George Washington’s Vision

George Washington promoted the concept of a great central waterway long before he became the nation’s first president. A surveyor of western lands as a young man and later a landowner of vast tracts beyond the Allegheny Mountains, Washington had close knowledge of the western territories, which he feared France and Spain would control if trade routes to eastern markets were not established.

In the early 19th century, other farsighted Virginians took over Washington’s leadership role. The final elements of his plan were completed in the 1820s, when the Kanawha Turnpike joined the headwaters of the James River to the Kanawha River. In 1835, the James River and Kanawha Co. was formed, and within 15 years, a canal system stretched 197 miles to Buchanan.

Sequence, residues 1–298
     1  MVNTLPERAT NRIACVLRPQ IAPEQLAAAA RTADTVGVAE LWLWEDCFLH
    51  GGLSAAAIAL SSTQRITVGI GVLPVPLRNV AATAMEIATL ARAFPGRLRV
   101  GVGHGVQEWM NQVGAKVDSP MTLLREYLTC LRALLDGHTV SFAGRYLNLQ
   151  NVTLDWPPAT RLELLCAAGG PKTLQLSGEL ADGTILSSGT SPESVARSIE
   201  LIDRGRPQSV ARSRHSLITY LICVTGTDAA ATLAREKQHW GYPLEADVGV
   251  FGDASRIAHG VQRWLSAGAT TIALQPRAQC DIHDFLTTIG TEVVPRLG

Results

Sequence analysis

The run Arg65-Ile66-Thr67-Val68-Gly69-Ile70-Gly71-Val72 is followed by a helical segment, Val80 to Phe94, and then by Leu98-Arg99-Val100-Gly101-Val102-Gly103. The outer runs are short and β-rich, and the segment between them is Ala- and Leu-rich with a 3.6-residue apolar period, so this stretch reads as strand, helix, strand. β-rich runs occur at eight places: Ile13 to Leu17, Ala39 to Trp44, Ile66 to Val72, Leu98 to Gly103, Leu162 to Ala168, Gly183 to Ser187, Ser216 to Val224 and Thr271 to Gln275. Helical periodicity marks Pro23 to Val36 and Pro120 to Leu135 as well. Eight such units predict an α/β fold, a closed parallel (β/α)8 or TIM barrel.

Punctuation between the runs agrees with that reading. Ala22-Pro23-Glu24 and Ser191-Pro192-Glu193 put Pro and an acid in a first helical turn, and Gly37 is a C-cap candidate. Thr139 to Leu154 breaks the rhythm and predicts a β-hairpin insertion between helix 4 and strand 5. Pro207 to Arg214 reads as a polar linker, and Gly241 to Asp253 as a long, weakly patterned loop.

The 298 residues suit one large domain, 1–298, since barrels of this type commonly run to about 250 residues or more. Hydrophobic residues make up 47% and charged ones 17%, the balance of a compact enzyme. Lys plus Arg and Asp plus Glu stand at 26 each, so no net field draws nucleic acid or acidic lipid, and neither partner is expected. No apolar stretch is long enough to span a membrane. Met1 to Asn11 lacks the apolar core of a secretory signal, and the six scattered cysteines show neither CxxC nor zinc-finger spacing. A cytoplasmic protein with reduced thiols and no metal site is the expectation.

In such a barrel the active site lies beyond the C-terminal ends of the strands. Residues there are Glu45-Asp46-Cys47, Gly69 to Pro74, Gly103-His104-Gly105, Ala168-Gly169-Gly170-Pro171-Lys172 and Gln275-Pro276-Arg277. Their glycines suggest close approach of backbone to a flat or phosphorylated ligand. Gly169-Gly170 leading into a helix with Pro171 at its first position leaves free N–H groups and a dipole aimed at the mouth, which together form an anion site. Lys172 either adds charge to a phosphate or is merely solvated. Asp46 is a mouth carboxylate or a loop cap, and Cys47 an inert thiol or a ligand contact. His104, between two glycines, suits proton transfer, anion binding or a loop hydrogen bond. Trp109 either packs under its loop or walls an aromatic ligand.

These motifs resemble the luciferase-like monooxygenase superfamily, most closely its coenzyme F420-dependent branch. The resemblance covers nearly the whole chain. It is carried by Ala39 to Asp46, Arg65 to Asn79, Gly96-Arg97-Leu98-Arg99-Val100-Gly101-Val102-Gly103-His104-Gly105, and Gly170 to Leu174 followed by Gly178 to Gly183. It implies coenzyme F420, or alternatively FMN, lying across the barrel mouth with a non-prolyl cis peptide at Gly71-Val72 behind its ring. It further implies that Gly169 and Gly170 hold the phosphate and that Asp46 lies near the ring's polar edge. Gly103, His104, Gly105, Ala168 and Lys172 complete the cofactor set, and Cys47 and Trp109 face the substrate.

• An exhibit illustrating George Washington’s vision and the construction of canals along the James River stands at the Turning Basin Plaza between Virginia and 14th streets.
  • A set of elegant bronze reliefs recognizes Washington’s early vision of the country’s westward expansion and the importance of uniting the new territories with the eastern states.
  • Integrated with seating, the reliefs provide a bronze and granite surround for a bronze replica of a period surveyor’s transit mounted on granite in the center of the exhibit.
  • The marker is at the intersection of South 14th Street and Dock Street.


Along the Riverfront Canal Walk, a public park open from dawn to dusk